‘Game of Thrones’ 1.09 Recap: “The Dead Will Dance Here Tonight”

Holy crap. Let me repeat that to let it sink in: Ho-lee Crap. As if the titular game of thrones in ‘Game of Thrones’ didn’t already have enormously high stakes (what with numerous factions vying for control of an entire continent), this week’s episode raised those stakes considerably by… well, I’m not going to spoil that on the main page. You’ll have to read on after the break for the spoilerific recap.

The show’s previous episode was one of the few this season that didn’t end with a shocking plot twist. I don’t consider that a disappointment. Not every episode needs one, and if you do it too often, it becomes a gimmick. Nonetheless, this week’s episode (called ‘Baelor’) delivers a whopper of a shock at the end, the biggest one yet by far. But we’ll get to that in a minute.

The episode starts with another conversation between Ned and Varys in Ned’s dungeon cell. Ned refuses to give in to Cersei’s demands that he confess his alleged crimes and pledge fealty to Joffrey. His honor is more important than his life. Varys reminds him that more than his own life is at stake. So are his daughters’.

Ned’s son Robb marches his army of 20,000 men en route to battle with the Lannisters. To get there, he needs to cross a bridge called “the Twins” (so named for the castles on each side) ruled by Lord Walder Frey, a cranky old man who doesn’t seem particularly bound by the oath of loyalty he swore to the Stark family. Catelyn manages to negotiate for the army’s crossing by pledging to marry Arya to one of Walder’s sons and Robb to one of his daughters. (Apparently, he has one who isn’t completely hideous.) Robb reluctantly agrees.

Up north at the Wall, Jon Snow is BMOC again after having dispatched the White Walker. Lord Commander Jeor Mormont gives him his family sword, the one originally intended for his disgraced son Jorah. When he hears word of his half-brother Robb marching to war, Snow’s immediate instinct is to go join him. Blind Maester Aemon reminds him that his responsibility now is to the Night’s Watch, not to his family. The reason that the men of the Watch must swear a vow of chastity is because, “Love is the death of duty.” Aemon also reveals that he is in fact a Targaryen, the grand uncle of Viserys and Daenerys.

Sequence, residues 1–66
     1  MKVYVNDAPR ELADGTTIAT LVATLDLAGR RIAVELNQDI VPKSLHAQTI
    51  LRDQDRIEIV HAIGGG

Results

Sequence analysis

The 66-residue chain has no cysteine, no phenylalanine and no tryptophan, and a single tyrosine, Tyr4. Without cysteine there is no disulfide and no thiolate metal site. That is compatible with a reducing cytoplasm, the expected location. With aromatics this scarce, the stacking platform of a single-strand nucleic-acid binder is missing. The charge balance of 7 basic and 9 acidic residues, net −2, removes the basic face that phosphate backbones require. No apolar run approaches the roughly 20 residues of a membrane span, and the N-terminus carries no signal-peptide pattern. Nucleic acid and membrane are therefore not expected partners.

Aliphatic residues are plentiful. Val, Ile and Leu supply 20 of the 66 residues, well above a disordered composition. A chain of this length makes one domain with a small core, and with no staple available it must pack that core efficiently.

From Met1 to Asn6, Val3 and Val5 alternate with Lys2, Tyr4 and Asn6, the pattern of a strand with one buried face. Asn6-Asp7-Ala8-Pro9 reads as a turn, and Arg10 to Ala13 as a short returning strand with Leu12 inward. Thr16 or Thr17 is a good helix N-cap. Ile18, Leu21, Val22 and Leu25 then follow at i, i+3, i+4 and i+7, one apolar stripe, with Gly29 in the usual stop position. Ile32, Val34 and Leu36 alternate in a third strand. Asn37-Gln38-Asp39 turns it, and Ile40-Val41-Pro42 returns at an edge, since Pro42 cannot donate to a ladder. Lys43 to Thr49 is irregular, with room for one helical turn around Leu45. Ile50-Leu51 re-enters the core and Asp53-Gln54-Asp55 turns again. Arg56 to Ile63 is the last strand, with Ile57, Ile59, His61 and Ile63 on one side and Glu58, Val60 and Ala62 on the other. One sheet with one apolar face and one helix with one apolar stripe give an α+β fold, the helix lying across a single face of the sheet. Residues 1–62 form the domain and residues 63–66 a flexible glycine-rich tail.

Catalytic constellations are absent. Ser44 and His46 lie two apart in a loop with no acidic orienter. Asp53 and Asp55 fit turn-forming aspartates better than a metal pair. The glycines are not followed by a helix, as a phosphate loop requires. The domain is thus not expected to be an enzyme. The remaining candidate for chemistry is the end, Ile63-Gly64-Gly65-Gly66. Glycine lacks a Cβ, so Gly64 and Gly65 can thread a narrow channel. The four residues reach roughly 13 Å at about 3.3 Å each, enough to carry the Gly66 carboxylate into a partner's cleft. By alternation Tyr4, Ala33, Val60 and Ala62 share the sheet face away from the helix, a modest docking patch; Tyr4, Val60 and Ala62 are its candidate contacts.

Speaking of Daenerys, things aren’t looking so good for her in the Dothraki camp. As feared, Drogo’s chest wound has gotten infected. He’s sickly and near death. If he dies, Dany’s position as Khaleesi will be meaningless without an heir. Already, members of the tribe are jockeying for position to take over. Jorah has to defend her by killing Drogo’s #2 man Qotho in a duel, and is injured in the process.

Against the wishes of Jorah, Dany won’t flee. She refuses to leave Drogo and, in desperation, orders the Wilding witch to use dangerous “blood magic” to cure him. This involves the witch slicing open the throat of Drogo’s horse, which spews blood all over him. As the witch orders everyone out of the tent, horrible otherworldly screams can be heard from inside.

While this is happening, Dany also goes into labor (prematurely?). None of the Dothraki midwives will help her, so the Wilding witch will have to deliver the baby as well.

Out at the Lannister camp, Tyrion has Bronn secure him a new whore to take his mind off the fact that he’s being sent to the front lines of the war. Bronn brings him a mysterious woman named Shae who will not reveal much about herself. In a drinking game, she gets Tyrion to tell the tragic story of his marriage, which he learned was a sham orchestrated by his father.

The next morning, Tyrion dutifully gives a speech to rally his Hill People forces to battle, and is promptly knocked out cold when one of the brutes thoughtlessly walks right into him with a giant hammer swinging at his side. Tyrion misses the whole battle. He awakens afterward to learn that the Lannisters won. However, they fought only 2,000 Stark soldiers, not the 20,000 expected.

The other 18,000 men were with Robb Stark, who sacrificed the 2,000 in order to misdirect Tywin and launch a sneak attack on Jaime, who is captured alive. Jaime challenges Robb to a duel to end the whole war then and there, but Robb is not foolish enough to take him up on it. “This war is far from over,” he declares.